Changes to COVID laws does not change employer’s obligations on Health and Safety

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In England much has been made of the changes this week to the government roadmap with the removal of a great deal of legal restrictions in relation to controlling the risk of people developing COVID-19.

There remain different rules for Wales, Northern Ireland, and Scotland, and individuals living in or travelling to these areas should familiarise themselves with them. More information for all nations can be found at https://www.gov.uk/coronavirus

Many of the public health measures enacted through COVID legislation have their origins in Health and safety legislation. Either based on the principles of prevention, following something known as the hierarchy of control, which seeks to remove or reduce the risk by  introducing various measures such as avoiding or reducing contact, or the controlling the mode of transmission i.e., Lockdowns, Social Distancing, Hand Hygiene, Face coverings (Hand, Face, Space, Fresh Air)

Within workplaces across the UK, employers have a legal duty to protect both employees and non-employees (who may be affected by their undertakings) from the risks to health presented by the transmission of the SARS-CoV-2 virus within their workplace.

Therefore, employers need to undertake a “suitable and sufficient” risk assessment which seeks to identify the steps they need to take to remove or reduce the risks “as far as reasonably practicable”. This can still include encouraging people to use social distancing and wear face coverings and other mitigations.

One of the specific pieces of legislation covering workplaces is the: Workplace (Health, Safety and Welfare) Regulations 1992 / Workplace (Health, Safety and Welfare) Regulations (Northern Ireland) 1993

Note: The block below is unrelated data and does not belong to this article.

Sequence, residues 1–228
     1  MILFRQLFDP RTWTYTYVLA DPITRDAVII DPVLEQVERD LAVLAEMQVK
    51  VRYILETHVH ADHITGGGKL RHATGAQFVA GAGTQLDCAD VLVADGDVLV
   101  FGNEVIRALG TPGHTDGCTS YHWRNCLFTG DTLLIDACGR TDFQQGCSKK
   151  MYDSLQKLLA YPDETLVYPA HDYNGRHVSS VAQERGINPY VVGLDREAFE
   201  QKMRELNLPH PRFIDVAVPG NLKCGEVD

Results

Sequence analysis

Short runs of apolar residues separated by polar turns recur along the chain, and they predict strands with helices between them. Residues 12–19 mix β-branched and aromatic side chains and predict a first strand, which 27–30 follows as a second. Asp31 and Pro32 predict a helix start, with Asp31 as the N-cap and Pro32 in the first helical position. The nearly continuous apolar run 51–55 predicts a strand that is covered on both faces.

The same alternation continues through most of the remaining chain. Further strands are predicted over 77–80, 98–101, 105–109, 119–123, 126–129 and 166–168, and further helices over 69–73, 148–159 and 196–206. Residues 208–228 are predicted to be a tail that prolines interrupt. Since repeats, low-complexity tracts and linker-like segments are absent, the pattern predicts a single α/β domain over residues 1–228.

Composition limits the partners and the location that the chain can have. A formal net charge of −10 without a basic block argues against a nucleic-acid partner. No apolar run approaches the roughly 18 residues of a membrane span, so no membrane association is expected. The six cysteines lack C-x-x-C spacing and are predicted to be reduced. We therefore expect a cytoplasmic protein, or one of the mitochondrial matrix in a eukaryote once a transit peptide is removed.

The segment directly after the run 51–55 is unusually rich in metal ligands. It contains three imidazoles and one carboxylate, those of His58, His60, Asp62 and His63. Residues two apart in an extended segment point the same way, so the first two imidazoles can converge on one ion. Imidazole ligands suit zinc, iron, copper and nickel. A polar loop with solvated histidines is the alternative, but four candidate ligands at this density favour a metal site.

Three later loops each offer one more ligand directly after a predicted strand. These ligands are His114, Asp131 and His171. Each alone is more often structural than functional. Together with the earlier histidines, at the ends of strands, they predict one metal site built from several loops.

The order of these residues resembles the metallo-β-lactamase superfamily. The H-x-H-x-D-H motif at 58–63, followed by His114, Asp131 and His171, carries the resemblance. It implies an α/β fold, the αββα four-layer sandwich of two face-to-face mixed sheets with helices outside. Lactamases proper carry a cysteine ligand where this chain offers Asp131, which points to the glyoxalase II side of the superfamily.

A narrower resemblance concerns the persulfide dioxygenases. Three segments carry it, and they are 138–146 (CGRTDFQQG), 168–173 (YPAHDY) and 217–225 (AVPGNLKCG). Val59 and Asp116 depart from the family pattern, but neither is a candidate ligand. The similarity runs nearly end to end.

This legislation is often referred to as the “Welfare Regs”, and has been a requirement for nearly 30 years and covers issues such as temperature, ventilation, and much more. The next two sections will hopefully help answer some of the questions you may have about this.

Ventilation! ventilation! ventilation!

 Reg 6(1) of the Welfare Regs says:

Effective and suitable provision shall be made to ensure that every enclosed workplace is ventilated by a sufficient quantity of fresh or purified air.”

When referring to fresh air it is generally considered the air being brought in from outside is fresh with all reasonable steps taken to smells such as vehicle exhaust, kitchen cooking extractor fumes, tobacco smoke etc.

For most buildings this is achieved using opening windows or specific ventilation systems which may filter and condition the air to a specified temperature. As the pandemic has progressed the importance of good ventilation in helping to reduce the transmission risks of airborne virus particles indoors has been proven.

As part of the many meetings that Napo Officers and Officials have been involved in, through joint working and consultation processes with employers, we have been seeking to ensure that they are putting the  health and safety of their staff at the forefront of service delivery. We have been informed that the Cabinet Office   has instructed the Ministry of Justice to undertake a full ventilation survey and assessment of all their properties, identifying the suitability of rooms for different activity and occupancy levels.

This information well then help inform the local risk assessments and suitability of rooms. Should members have any concerns about the suitability of a room they should talk to their local health and safety rep or manager in the first instance.

Is it me or is it getting hot in here?

Two of the most common questions members asked of Health and Safety Reps are, what the minimum or maximum working temperatures?

Reg 7 of the Welfare Regs says

“(1) During working hours, the temperature in all workplaces inside buildings shall be reasonable.

(1A) Without prejudice to the generality of paragraph (1) –